IQ Testing

Written by Brian Krans | Published on July 3, 2012
Medically Reviewed by George Krucik, MD

What Is IQ Testing?

IQ testing can help determine your level of intelligence relative to others in your age group. “IQ” is an acronym for “intelligence quotient.”

There are several standardized IQ tests available. Two of the most widely recognized are the Stanford-Binet Intelligence Scales and the Wechsler tests.

There are numerous online questionnaires that claim to be IQ tests. These should be viewed as entertainment only. Few have any scientific backing.

Why IQ Testing Is Performed

IQ testing is used to help gauge a person’s mental aptitude. Unlike educational tests—such as the ACT and SAT—IQ testing does not aim to measure what a person knows. Its goal is to measure mental capability.

Testing is normally done on school-aged children. It can help parents and educators identify learning disabilities and behavioral concerns. Testing can also identify especially gifted students.

How to Prepare for IQ Testing

No preparation is needed for an IQ test.

How IQ Testing Is Performed

IQ tests are typically written exams. In some instances, the tests may be given orally.

The Wechsler test includes three age-specific tests:

  • Wechsler Preschool and Primary Scale of Intelligence: children ages 2 to 7
  • Wechsler Intelligence Scale for Children: children 6 to 16
  • Wechsler Adult Intelligence Scale: people 16 and older

The Wechsler tests use a variety of questions to test:

  • verbal skills
  • reasoning
  • memory
  • processing speed.

The current Stanford-Binet Intelligence Test measures abilities including:

  • general intelligence
  • reasoning
  • knowledge
  • visual-spatial reasoning (Becker, 2003)

Interpreting IQ Test Results

Average scores for the Wechsler and Stanford-Binet tests are between 90 and 110. A score below 70 indicates mental retardation. Those who score over 165 are considered geniuses.

IQ testing is often criticized. For example, many believe that the tests are culturally biased. Results may depend as much on motivation and other factors as on innate intelligence.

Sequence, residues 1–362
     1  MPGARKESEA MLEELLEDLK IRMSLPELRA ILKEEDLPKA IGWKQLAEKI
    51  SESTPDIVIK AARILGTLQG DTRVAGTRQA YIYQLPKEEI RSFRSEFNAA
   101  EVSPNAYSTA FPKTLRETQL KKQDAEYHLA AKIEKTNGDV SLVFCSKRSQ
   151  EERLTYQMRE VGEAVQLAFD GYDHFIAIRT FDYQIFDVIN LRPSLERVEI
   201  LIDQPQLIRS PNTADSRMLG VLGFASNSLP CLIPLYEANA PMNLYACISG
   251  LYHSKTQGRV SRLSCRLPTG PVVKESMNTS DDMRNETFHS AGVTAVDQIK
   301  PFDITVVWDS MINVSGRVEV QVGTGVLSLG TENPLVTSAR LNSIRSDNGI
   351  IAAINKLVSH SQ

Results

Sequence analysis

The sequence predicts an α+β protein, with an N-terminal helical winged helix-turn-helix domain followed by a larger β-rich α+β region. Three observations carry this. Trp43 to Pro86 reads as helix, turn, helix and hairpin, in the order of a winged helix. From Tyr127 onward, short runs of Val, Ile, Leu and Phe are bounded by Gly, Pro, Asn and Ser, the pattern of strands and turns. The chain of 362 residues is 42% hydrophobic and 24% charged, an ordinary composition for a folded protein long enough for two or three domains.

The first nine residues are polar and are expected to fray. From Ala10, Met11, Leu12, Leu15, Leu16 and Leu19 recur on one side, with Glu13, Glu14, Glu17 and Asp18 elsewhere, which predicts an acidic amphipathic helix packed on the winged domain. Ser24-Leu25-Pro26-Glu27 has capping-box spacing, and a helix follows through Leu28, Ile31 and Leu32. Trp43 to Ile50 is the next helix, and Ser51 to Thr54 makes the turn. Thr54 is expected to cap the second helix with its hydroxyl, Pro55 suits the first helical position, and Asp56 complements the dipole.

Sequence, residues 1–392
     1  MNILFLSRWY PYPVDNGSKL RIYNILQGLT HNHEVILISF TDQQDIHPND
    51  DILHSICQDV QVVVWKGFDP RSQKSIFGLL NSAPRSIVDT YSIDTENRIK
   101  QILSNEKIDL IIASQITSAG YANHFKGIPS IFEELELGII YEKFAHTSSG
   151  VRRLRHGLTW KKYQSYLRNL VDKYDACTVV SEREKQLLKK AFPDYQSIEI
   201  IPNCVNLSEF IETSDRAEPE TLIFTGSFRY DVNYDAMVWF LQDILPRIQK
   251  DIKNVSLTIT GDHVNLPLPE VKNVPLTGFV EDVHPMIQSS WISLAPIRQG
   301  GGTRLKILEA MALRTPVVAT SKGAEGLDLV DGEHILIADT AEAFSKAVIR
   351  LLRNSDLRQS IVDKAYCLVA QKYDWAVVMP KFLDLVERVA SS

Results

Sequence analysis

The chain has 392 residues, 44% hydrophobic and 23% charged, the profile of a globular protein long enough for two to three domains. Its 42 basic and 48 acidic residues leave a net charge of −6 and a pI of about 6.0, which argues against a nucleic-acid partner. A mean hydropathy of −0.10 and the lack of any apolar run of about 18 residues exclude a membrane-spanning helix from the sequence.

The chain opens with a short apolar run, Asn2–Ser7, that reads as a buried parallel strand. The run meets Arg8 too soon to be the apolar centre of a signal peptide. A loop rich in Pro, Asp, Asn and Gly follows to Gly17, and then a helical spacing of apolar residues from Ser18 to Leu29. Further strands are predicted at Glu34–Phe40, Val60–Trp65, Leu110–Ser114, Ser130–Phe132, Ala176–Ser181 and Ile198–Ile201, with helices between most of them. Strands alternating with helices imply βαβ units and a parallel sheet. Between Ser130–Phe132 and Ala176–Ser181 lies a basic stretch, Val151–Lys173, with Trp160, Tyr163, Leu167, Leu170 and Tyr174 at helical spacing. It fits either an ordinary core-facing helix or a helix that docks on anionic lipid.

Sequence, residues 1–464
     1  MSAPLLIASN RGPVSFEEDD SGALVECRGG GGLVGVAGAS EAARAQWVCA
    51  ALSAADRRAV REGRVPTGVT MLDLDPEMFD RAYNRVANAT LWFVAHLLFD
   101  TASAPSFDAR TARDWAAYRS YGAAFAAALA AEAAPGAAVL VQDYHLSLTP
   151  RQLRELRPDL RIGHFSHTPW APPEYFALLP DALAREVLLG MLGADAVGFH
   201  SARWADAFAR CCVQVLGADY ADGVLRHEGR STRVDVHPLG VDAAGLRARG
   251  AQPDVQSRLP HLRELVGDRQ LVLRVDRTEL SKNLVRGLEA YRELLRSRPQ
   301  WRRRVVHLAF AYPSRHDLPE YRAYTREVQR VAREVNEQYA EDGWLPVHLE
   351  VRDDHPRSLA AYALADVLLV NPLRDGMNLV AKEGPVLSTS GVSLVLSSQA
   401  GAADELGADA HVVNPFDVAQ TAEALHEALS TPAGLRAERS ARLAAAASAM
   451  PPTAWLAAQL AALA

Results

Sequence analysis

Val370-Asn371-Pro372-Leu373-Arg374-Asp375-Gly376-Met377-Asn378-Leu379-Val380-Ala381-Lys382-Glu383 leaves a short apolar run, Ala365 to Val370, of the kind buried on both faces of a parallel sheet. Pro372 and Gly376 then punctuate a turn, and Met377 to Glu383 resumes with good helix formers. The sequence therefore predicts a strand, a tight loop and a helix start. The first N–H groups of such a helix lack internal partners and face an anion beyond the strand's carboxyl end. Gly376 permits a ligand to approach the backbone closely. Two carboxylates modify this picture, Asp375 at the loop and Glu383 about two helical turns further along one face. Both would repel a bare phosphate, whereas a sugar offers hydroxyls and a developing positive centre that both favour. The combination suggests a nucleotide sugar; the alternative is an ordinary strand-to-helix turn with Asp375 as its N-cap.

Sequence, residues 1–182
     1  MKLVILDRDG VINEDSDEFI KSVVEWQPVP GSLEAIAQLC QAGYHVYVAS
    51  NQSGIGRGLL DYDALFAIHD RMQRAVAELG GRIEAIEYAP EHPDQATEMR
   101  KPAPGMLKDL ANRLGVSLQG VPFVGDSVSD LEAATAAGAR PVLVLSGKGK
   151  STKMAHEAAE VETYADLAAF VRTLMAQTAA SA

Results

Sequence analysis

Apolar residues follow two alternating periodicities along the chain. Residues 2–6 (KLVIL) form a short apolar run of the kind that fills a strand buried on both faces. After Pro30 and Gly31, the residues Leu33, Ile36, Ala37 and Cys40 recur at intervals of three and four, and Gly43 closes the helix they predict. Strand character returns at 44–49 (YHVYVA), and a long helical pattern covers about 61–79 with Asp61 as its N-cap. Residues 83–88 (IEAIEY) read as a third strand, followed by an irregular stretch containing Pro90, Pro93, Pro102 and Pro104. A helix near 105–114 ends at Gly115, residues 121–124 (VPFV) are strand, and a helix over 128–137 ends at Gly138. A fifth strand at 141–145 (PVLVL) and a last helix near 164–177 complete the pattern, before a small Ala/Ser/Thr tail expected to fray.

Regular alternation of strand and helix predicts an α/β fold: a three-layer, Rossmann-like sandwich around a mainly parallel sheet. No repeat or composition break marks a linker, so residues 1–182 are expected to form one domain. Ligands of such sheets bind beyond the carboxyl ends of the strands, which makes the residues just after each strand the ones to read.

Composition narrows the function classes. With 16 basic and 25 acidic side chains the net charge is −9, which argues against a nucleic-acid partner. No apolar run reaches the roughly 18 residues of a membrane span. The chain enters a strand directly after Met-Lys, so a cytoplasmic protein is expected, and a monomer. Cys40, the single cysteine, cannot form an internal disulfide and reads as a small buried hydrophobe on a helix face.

Individual sections of these tests may be somewhat more accurate than the overall “IQ score.” However, your IQ test results should not be used to make assumptions about your talents or potential. These tests are designed for specific, diagnostic purposes.

Can You Improve Your IQ Test Results?

IQ scores are not numbers you study to improve. However, if you are unsatisfied with your IQ test results, there are ways you may boost your mental ability:

  • read everyday from a diverse source of material
  • establish a regular sleep pattern
  • exercise regularly
  • watch educational programming
  • challenge your mind with brainteaser puzzles
  • discuss and analyze the issues of the day with family and friends
  • enroll in community college or other continuing education courses
Was this article helpful? Yes No

Thank you.

Your message has been sent.

We're sorry, an error occurred.

We are unable to collect your feedback at this time. However, your feedback is important to us. Please try again later.

Article Sources:

More on Healthline

Timeline of an Anaphylactic Reaction
Timeline of an Anaphylactic Reaction
From first exposure to life-threatening complications, learn how quickly an allergy attack can escalate and why it can become life threatening.
Easy Ways to Conceal an Epinephrine Shot
Easy Ways to Conceal an Epinephrine Shot
Learn how to discreetly carry your epinephrine autoinjectors safely and discreetly. It’s easier than you think to keep your shots on hand when you’re on the go.
Beyond Back Pain: 5 Warning Signs of Ankylosing Spondylitis
Beyond Back Pain: 5 Warning Signs of Ankylosing Spondylitis
There are a number of potential causes of back pain, but one you might not know about is ankylosing spondylitis (AS). Find out five warning signs of AS in this slideshow.
Famous Athletes with Asthma
Famous Athletes with Asthma
Asthma shouldn’t be a barrier to staying active and fit. Learn about famous athletes who didn’t let asthma stop them from achieving their goals.
Migraine vs. Chronic Migraine: What Are the Differences?
Migraine vs. Chronic Migraine: What Are the Differences?
There is not just one type of migraine. Chronic migraine is one subtype of migraine. Understand what sets these two conditions apart.
Advertisement
Advertisement
Advertisement